Eric Devroe, founder, CEO and – for now – the only full-time employee of Opsonix Inc., is well aware of multiple failed efforts by drug developers to thwart the often deadly effects of sepsis. Many of those shortfalls, he maintained, focused on approaches that attempted to temper the immune response, which occurs downstream in the sepsis cascade.

The approach of Cambridge, Mass.-based Opsonix is distinct "in that we are providing a means to rapidly extract the wide range of sepsis-causing pathogens – and, importantly, immunogenic debris and toxins released from killed pathogens – from circulating blood," Devroe told BioWorld Today.

The core technology at Opsonix is based on pathogen-capture proteins, which are engineered versions of human blood opsonins – molecular components of the innate immune system that help to clear pathogens and the toxins they release. The company – whose name "pays homage to opsonins," Devroe said – is seeking to develop therapeutic products by applying recombinant protein engineering to harness the binding properties of opsonins that enable them to clear a broad range of infectious microbes and toxic components from blood and prevent the inflammatory cascade that leads to sepsis.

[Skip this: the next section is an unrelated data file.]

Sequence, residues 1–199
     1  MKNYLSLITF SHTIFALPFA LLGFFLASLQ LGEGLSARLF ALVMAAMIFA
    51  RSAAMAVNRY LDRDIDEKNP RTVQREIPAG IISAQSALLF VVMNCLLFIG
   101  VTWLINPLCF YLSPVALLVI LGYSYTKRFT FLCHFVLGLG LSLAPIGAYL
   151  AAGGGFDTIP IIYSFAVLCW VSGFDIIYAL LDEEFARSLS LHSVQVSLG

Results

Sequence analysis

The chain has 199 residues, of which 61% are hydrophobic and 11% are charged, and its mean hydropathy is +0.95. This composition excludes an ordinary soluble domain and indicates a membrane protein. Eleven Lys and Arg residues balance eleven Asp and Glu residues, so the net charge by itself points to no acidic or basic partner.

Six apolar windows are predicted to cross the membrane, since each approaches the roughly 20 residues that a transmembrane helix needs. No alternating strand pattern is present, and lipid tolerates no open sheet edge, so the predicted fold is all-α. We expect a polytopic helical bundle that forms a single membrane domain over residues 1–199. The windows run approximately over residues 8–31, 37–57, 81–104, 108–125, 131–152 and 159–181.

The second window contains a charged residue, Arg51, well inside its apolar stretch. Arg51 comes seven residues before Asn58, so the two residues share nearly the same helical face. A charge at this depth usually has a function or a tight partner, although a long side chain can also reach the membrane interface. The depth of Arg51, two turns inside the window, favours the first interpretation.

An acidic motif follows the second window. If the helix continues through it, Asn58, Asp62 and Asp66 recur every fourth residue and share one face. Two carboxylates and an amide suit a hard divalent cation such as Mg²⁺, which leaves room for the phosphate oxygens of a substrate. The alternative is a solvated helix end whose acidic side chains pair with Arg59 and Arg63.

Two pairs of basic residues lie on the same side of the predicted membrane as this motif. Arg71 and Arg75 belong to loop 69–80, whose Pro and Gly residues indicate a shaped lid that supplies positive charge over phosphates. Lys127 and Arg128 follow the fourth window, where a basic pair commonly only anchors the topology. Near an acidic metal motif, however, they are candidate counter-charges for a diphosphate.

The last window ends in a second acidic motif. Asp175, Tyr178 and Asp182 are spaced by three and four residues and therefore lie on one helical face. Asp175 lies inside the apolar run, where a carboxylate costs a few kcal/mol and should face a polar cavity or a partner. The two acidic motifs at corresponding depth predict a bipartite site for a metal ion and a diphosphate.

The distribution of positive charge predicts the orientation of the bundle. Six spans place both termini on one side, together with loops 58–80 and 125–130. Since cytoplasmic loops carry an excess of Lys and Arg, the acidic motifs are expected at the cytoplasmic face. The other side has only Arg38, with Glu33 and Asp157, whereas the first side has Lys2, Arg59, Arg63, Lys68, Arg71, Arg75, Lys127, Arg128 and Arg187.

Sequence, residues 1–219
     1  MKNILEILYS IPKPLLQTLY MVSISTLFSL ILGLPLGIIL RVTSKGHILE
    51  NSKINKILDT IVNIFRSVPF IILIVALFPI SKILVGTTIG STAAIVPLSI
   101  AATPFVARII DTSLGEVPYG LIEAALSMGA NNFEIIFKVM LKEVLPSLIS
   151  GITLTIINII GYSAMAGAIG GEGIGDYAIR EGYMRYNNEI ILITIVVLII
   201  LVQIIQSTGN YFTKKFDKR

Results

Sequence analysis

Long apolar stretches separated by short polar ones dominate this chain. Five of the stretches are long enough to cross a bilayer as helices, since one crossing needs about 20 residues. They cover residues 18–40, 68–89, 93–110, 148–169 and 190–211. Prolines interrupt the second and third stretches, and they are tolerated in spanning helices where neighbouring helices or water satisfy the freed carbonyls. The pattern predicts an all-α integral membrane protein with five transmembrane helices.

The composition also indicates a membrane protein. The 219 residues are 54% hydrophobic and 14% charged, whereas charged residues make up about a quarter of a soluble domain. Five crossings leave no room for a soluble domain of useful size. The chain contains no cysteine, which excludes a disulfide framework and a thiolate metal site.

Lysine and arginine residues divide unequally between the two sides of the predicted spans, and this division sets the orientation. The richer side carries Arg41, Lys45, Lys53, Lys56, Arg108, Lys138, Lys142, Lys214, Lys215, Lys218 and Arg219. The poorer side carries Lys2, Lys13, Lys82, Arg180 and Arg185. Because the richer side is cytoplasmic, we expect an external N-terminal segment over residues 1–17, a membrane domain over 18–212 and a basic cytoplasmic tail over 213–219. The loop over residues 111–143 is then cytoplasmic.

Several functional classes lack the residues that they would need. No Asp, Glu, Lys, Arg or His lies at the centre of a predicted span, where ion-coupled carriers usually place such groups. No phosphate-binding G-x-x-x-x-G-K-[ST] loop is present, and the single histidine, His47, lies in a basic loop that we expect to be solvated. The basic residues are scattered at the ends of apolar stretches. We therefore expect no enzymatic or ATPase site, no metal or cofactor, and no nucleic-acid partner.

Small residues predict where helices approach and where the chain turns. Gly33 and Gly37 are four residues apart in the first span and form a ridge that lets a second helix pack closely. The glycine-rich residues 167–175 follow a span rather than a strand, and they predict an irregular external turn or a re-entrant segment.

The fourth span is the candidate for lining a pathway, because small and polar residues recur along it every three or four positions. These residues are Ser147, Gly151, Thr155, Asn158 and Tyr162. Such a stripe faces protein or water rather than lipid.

The company's lead molecule is a recombinant human protein derived from mannose binding lectin (MBL) fused to the Fc region of human immunoglobulin (FcMBL). When attached to the membrane of a dialyzer-type device, the FcMBL can remove a broad range of bacteria, fungi, parasites, viruses and toxins responsible for initiating the sepsis cascade, including antibiotic-resistant organisms.

The scientific premise is that the company's FcMBL-based pathogen-extracting therapy will enable broad-spectrum treatment of blood-borne infectious diseases at an early stage, when treatment is most effective, without the need to wait for identification of a specific disease-causing pathogen.

Some of the sepsis candidates that failed in the clinic over the past five years also sought to attack all-cause mortality. Eisai Inc., a unit of Tokyo-based Eisai Co. Ltd., halted efforts to advance eritoran (E5564) after the Toll-like receptor 4 antagonist failed to meet the efficacy endpoint in the phase III ACCESS (A Controlled Comparison of Eritoran and Placebo in Patients with Severe Sepsis) study. (See BioWorld Today, Jan. 26, 2011.)